Most people have encountered the dog-eared visitor logbook when visiting either a business or residential estate. Their role as a so-called security tool is however rapidly slipping into obscurity as estate managers realise that they are, for the greater part, totally dysfunctional and highly inaccurate. The advent of electronic visitor management systems provides a most welcome and noteworthy alternative to the archaic paper-driven system.
Added to the fact that the traditional visitor log book does not allow rapid look-up of visitor details, other issues have cemented its imminent demise. These include the fact that any information contained therein can be conveyed to potential criminals or covert marketing agencies when the book is purposely handed over, or it is lost or stolen.
Mark Paynter, Ideco business solutions executive, adds that on all the estates that have implemented the company’s EVIM biometric readers, there have been reports of zero crime. This he says is due to the fact that it is the only device on the market that offers the four-in-one solution of live ID checking, mobile management via a cellphone app, pre booking via web portal, as well as biometric fingerprint capture. The company runs a central EVIM database that provides flagging of suspicious number plates around the country which is available to select partners.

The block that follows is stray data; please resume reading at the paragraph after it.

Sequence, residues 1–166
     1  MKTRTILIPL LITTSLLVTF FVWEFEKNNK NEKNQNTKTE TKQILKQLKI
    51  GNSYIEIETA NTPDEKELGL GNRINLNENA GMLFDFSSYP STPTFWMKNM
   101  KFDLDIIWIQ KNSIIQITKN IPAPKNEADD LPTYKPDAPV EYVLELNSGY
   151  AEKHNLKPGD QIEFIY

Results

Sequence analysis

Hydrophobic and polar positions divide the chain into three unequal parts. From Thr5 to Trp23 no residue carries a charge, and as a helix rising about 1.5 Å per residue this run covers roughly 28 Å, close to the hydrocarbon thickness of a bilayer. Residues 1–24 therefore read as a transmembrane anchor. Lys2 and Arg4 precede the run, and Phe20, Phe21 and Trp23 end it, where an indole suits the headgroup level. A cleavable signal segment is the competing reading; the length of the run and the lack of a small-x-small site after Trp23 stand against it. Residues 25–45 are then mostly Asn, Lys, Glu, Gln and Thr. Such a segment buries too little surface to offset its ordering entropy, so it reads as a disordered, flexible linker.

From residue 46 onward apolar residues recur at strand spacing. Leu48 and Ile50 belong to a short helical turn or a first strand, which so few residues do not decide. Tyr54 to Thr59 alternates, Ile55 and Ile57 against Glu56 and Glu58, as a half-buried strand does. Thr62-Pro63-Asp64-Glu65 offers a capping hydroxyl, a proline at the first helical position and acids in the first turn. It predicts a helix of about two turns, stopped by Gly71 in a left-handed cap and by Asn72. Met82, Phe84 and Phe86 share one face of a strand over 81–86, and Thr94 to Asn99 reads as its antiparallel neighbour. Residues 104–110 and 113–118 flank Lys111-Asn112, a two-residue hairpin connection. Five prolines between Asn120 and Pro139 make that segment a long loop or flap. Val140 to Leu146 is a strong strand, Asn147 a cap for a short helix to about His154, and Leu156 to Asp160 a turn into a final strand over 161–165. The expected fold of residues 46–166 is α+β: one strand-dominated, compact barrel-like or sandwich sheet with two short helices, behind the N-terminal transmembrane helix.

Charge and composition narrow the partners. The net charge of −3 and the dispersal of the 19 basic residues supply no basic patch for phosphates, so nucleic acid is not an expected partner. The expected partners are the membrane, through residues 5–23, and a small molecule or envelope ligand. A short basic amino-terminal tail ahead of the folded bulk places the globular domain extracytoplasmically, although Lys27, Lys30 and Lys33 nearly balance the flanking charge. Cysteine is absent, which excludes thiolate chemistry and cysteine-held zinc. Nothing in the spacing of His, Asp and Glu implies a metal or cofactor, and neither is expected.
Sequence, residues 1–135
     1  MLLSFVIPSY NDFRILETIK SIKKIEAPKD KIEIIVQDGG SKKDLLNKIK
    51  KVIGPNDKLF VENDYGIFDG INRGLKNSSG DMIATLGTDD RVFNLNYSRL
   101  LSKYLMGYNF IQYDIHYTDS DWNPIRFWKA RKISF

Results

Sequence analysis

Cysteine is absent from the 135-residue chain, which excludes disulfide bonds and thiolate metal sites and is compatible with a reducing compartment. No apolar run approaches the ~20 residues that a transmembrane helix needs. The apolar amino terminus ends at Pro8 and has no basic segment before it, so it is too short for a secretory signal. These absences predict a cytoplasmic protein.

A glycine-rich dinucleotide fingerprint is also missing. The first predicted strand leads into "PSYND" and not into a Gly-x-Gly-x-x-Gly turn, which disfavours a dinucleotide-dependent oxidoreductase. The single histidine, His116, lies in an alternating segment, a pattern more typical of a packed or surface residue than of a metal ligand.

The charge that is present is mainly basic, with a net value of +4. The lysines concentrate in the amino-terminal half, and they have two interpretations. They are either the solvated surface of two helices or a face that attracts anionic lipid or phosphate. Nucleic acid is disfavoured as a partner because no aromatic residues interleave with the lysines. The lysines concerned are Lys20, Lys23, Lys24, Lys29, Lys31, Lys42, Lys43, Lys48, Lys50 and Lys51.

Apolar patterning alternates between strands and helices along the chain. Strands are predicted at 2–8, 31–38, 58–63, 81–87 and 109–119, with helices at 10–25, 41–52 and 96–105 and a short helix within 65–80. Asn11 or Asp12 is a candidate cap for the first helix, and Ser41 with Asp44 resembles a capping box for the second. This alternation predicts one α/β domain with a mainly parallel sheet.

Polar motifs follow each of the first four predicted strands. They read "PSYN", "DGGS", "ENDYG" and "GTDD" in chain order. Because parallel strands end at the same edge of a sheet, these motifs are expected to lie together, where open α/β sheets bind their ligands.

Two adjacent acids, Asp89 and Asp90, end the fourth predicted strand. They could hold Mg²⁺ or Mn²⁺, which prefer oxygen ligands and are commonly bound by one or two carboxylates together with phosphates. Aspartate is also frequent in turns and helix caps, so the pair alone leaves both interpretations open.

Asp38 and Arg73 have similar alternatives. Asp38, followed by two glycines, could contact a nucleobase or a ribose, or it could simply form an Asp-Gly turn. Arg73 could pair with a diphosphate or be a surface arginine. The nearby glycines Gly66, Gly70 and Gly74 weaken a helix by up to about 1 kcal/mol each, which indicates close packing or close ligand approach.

According to Barry East, sales and marketing director at Impro, the primary objective of a visitor management system is to add enhanced security to the estate in identified risk areas. He says that visitors represent a variable because of the level of potential crime they can perpetrate.
Estates therefore need to be able to establish the validity of the information being submitted by the visitor and be able to trace the visitor when they are on site and after they leave the estate. It stands to reason that the more credible the information that is collected, the greater the possibility that estate management will be able to track the visitor.
Impro’s Access Portal system provides a variety of plug-in visitor management solutions, including third-party visitor management products and biometric devices, to tailor-make solutions for residential estates.
Free movement and security
John Powell, MD of Powell Tronics, believes that a good visitor management system will effectively bridge the gap between efficiently improving the movement of visitors in and out of premises, and providing a heightened security offering, as it verifies that the visitor is the person they claim to be. He adds that a visitor management system should be geared around improving the visitor experience, but at the same time offer the estate and its residents the peace of mind that security measures are in place to regulate visitor access and have the backup of valid information should an incident occur.